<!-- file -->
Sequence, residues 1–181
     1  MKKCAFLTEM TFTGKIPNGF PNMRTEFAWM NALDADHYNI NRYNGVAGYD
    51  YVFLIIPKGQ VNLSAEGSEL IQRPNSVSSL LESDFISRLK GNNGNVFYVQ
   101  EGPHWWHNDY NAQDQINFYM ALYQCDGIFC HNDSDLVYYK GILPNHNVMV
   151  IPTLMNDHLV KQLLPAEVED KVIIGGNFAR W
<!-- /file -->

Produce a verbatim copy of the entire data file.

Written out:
Sequence, residues 1–181
     1  MKKCAFLTEM TFTGKIPNGF PNMRTEFAWM NALDADHYNI NRYNGVAGYD
    51  YVFLIIPKGQ VNLSAEGSEL IQRPNSVSSL LESDFISRLK GNNGNVFYVQ
   101  EGPHWWHNDY NAQDQINFYM ALYQCDGIFC HNDSDLVYYK GILPNHNVMV
   151  IPTLMNDHLV KQLLPAEVED KVIIGGNFAR W